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Justice Department roiled by resignations in Roger Stone case

Del Quentin Wilber, Los Angeles Times on

Published in News & Features

If the judge agrees, the 67-year-old Stone will receive the harshest sentence of the half-dozen Trump associates convicted of crimes that include tax fraud and lying to investigators.

After Trump tweeted that the recommended sentence was a "miscarriage of justice," the Justice Department ordered prosecutors to abandon their position on sentencing.

At that point, the four prosecutors who won the Stone conviction, two of whom had previously worked on special counsel Robert S. Mueller III's probe of Russian interference in the 2016 presidential campaign, abruptly withdrew from the case. One resigned from the department.

Another prosecutor was tapped to take over. John Crabb, the chief of the criminal section in the U.S. attorney's office in Washington, wrote in court papers Tuesday that the original filing "does not accurately reflect the Department's position" and the prison recommendation was too severe.

Incarceration was warranted, Crabb wrote, but prosecutors deferred to Jackson to decide the appropriate sentence.

Both sentencing filings were approved by Timothy Shea, the acting U.S. attorney, court papers show. Shea was appointed Jan. 30, taking over for Jessie Liu, who had left the position pending her nomination to a senior Treasury Department position.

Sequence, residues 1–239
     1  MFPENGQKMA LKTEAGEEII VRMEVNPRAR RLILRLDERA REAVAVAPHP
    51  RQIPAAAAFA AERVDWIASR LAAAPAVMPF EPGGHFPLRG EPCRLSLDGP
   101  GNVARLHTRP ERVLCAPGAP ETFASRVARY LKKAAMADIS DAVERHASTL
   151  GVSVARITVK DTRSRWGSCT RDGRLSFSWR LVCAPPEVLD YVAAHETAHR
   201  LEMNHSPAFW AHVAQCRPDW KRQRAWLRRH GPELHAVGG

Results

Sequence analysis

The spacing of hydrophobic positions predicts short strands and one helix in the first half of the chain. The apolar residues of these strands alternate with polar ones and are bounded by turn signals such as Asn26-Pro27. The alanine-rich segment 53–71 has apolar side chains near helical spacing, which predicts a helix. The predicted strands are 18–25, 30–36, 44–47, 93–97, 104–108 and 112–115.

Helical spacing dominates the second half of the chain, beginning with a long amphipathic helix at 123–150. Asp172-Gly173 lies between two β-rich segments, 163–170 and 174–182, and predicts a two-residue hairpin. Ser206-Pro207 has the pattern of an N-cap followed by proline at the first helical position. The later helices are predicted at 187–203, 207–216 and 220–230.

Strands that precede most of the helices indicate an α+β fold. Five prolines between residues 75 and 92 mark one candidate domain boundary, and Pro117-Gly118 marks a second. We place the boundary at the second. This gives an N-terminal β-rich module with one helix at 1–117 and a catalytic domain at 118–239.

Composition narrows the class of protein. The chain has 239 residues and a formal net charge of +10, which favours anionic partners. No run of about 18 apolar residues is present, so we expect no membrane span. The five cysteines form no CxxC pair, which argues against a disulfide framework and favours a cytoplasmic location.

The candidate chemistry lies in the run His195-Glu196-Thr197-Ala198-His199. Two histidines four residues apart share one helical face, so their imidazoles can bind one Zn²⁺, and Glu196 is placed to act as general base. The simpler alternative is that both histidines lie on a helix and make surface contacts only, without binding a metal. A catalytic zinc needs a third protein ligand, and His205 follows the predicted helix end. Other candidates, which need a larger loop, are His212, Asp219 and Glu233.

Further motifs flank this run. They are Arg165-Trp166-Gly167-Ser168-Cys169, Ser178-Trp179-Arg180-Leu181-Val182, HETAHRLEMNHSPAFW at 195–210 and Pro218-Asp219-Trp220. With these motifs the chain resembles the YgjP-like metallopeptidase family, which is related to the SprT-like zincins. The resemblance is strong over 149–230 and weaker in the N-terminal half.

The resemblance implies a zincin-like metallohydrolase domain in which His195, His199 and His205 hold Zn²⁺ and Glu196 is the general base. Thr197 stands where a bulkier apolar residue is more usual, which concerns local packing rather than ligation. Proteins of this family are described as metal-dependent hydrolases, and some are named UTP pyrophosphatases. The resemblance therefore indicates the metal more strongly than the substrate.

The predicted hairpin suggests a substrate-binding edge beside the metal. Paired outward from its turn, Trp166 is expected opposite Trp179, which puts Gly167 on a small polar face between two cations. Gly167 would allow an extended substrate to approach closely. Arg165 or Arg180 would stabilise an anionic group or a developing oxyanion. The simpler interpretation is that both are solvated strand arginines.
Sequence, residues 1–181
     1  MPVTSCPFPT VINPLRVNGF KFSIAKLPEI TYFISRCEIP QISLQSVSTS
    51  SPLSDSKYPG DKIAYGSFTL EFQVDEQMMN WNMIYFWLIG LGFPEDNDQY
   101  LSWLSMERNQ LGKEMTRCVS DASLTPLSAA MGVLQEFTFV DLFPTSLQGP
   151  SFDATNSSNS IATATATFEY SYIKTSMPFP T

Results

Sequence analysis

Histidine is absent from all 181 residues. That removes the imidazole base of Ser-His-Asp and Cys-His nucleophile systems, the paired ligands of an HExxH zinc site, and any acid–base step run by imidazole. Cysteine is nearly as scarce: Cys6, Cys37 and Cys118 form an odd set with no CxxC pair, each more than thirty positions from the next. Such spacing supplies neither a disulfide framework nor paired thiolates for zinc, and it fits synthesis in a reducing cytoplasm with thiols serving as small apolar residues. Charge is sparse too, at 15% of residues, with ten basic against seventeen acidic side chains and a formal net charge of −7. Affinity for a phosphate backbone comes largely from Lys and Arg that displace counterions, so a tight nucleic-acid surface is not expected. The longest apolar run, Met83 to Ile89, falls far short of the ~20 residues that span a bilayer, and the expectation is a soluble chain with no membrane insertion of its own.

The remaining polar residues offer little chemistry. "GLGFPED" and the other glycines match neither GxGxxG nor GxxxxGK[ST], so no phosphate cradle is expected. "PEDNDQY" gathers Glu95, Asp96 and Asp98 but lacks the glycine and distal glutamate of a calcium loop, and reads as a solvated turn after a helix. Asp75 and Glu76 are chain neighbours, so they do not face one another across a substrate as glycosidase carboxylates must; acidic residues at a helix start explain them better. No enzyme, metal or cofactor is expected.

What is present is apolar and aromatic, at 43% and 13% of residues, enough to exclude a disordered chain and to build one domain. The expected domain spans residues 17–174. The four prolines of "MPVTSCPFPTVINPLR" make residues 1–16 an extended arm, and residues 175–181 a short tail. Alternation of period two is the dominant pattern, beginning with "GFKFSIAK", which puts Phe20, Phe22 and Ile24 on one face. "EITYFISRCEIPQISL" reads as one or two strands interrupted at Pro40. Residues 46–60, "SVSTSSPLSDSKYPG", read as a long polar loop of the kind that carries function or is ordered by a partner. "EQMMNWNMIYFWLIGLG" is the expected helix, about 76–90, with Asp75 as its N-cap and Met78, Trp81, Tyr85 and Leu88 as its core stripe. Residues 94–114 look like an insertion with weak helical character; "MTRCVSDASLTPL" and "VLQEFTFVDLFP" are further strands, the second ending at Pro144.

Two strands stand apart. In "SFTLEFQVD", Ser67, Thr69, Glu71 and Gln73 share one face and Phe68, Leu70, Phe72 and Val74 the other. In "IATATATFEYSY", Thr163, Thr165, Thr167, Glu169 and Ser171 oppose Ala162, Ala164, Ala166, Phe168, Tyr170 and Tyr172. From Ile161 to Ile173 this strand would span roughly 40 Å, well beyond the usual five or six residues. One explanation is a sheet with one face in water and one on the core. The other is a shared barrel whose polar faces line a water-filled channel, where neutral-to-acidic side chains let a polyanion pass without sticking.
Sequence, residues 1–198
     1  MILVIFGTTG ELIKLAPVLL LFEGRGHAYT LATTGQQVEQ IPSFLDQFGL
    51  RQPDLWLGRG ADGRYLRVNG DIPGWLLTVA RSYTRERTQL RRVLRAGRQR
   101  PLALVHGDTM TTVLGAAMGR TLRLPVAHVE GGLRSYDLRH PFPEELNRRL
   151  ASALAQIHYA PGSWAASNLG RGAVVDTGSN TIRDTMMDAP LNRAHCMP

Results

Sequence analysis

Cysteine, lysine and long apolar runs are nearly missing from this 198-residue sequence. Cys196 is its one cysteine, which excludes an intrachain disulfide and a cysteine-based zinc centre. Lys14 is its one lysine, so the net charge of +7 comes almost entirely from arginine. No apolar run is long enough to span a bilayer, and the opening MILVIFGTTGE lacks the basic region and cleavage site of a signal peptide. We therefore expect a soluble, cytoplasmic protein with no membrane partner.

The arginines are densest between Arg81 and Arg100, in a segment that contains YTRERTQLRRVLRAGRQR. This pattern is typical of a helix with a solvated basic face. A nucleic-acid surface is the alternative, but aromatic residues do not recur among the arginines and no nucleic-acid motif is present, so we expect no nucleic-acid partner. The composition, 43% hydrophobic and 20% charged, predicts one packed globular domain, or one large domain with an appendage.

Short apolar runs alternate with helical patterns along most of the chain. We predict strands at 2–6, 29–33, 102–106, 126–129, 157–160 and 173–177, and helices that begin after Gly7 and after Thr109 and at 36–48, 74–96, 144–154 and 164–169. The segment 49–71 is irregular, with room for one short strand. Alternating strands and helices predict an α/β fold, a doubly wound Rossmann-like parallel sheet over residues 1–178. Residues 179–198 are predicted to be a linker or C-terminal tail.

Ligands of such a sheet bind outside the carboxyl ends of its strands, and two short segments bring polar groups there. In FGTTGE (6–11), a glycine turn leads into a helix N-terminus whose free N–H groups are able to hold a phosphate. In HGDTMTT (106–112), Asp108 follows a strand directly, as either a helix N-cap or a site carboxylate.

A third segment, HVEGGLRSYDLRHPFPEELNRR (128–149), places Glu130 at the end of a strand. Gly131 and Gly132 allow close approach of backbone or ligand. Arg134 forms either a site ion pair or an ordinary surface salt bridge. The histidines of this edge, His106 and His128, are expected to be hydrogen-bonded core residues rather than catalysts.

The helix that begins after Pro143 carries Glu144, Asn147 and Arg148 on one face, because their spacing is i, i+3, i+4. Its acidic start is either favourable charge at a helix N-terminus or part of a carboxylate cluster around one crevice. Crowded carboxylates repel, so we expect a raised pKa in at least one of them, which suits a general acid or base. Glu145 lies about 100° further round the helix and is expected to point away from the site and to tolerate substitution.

Trump on Tuesday withdrew Liu's nomination. An associate of Liu's said she believes Barr blamed her for the Stone debacle and "threw her under the bus with Trump."

"The president's allies think she is part of the 'deep state,' so it was easy to pin this on her," said the associate, who spoke on condition of anonymity to protect private conversations.

Former and current prosecutors were befuddled by the department's handling of the matter. They said Shea, a close adviser to Barr, was put in the job to help the attorney general supervise politically sensitive investigations.

Shea felt the recommendation was too harsh. So did Deputy Attorney General Jeffrey Rosen and his staff, former and current prosecutors said.

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